Identification of thiol compounds and determination of their production and release kinetics
Whole gills were excised from two living mussels and placed in Millipore-filtered (0.45 μm) ASW at maintenance salinity and room temperature (18–20°C) for at least 30 min prior to experimentation to allow removal of excess mucus. Gills were then cut into small pieces; mean tissue wet mass was 13.6±3.7 mg (mean ± s.d., N=42). Individual pieces, randomly mixed from the two animals, were placed in incubation vials, one piece per vial, containing 5 ml of aerated sea water with either 0.5 μmol l–1 (low) or 10 μmol l–1 (high) 5-hydroxytryptamine (5-HT) to stabilize ciliary beating at 5–10 Hz or 20–25 Hz, respectively (Doeller et al., 1999). 5-Hydroxytryptamine, also known as serotonin, is an endogenous neurotransmitter in the bivalve gill that stimulates beating of the lateral cilia (Clemmesen and Jørgensen, 1987) probably via cAMP signal-transduction pathways [for a review, see Satir and Sleigh (Satir and Sleigh, 1990)]. At time zero, 100 μmol l–1 Na2S (25 μl of 20 mmol l–1 Na2S stock) was added to the incubation vials. Stock solutions of 20 mmol l–1 Na2S were prepared by dissolving washed crystals of Na2S.9H2O in N2-saturated filtered ASW, with pH adjusted to 8.0 with 0.1 mol l–1 HCl (Wohlgemuth et al., 2000). Stock solutions of 0.01 mmol l–1 and 1 mmol l–1 5-HT were prepared by dissolving crystals in filtered ASW. At 0, 5, 10, 20, 30 and 50 min, six tissue pieces were removed; three pieces were prepared immediately and three were frozen in liquid nitrogen for high-performance liquid chromatography (HPLC) determination of thiol compounds (see below). All pieces were prepared individually. Ambient seawater samples were taken at the same times and prepared for thiol HPLC. Control gill pieces placed in incubation vials containing only either a low or a high 5-HT concentration in aerated seawater were removed after 50 min.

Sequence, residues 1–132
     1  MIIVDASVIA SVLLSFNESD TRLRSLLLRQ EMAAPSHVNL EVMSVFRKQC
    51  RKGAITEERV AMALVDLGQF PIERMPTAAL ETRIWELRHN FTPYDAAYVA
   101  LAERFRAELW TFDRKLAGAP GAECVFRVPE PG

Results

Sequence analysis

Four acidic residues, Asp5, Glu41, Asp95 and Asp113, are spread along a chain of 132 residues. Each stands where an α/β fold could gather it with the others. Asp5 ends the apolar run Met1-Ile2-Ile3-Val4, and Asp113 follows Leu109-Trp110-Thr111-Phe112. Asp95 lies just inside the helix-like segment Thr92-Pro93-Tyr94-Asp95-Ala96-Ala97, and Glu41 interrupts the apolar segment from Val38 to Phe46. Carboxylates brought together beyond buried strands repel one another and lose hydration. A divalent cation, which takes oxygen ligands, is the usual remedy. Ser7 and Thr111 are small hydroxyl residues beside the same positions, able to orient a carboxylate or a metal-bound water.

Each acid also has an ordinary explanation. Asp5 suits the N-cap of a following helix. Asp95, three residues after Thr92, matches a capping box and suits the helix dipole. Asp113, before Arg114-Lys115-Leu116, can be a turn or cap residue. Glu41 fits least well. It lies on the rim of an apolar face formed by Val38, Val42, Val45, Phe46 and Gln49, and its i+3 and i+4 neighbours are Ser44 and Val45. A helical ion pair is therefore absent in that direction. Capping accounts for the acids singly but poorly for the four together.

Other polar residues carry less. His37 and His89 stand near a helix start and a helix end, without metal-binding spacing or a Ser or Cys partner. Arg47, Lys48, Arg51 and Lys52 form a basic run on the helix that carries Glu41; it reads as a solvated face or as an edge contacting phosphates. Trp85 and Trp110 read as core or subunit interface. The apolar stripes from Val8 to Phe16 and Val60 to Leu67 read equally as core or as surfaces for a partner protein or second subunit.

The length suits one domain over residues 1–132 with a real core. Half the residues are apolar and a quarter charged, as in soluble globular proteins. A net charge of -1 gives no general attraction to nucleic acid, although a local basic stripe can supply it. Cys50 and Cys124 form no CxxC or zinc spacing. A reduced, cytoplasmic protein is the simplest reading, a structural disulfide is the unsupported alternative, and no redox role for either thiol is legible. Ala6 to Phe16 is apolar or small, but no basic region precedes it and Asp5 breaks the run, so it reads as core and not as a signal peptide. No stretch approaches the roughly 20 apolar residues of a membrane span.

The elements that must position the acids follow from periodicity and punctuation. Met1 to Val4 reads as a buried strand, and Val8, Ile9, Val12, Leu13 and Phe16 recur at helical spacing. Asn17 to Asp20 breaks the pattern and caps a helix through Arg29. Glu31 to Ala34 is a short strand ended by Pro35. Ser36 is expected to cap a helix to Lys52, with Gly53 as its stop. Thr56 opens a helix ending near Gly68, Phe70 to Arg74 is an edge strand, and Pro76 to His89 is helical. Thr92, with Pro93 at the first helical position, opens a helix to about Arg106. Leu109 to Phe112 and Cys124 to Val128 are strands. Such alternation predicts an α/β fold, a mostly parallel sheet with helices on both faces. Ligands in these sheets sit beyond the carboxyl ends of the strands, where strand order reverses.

Determination of the ratio of oxygen consumed to sulfide oxidized and of anaerobic end-products
Gill pieces, weighing approximately 50 mg, were placed in respirometer chambers and exposed to either 0.5 μmol l–1 or 10 μmol l–1 5-HT and to 0–1000 μmol l–1 Na2S at time zero. After 10 min, during which time a stable oxygen consumption rate was recorded (see below), a small piece of gill tissue, weighing 10–20 mg, was excised from the experimental tissue and frozen in liquid nitrogen for thiol HPLC (see below). Another gill piece was treated in the same way for determination of succinate levels (see below). The remaining gill tissue was weighed, dried for at least 48 h at 70°C and reweighed. Ambient seawater samples were taken at the same time and frozen in liquid nitrogen for thiol HPLC. These experiments were repeated three times, each time with a different animal.
Measurement of thiol compounds by HPLC
Levels of thiol compounds in gill tissue homogenates and ambient sea water were measured using the monobromobimane HPLC method (Fahey et al., 1981; Newton et al., 1981; Vetter et al., 1989) as described by Völkel and Grieshaber (Völkel and Grieshaber, 1992; Völkel and Grieshaber, 1994), with the following modification: tissues that had previously been frozen in liquid nitrogen were then homogenized while thawing in the bimane reaction mixture. Thiol levels determined in previously frozen tissue were not significantly different from thiol levels determined in tissue processed immediately for HPLC (t-test; data not shown). The compounds of interest were the inorganic thiols sulfide, thiosulfate and sulfite, as possible components of the sulfide oxidation reaction, and the organic thiols glutathione and cysteine, as possible components involved in cellular oxidation/reduction reactions and sulfur storage, respectively. This method produced linear results for all thiol standards within the concentration range 2–100 μmol l–1 in the assay volume (data not shown). Blank tissue thiol levels were measured in the absence of added sulfide, and blank ambient seawater thiol levels were measured in the absence of tissue.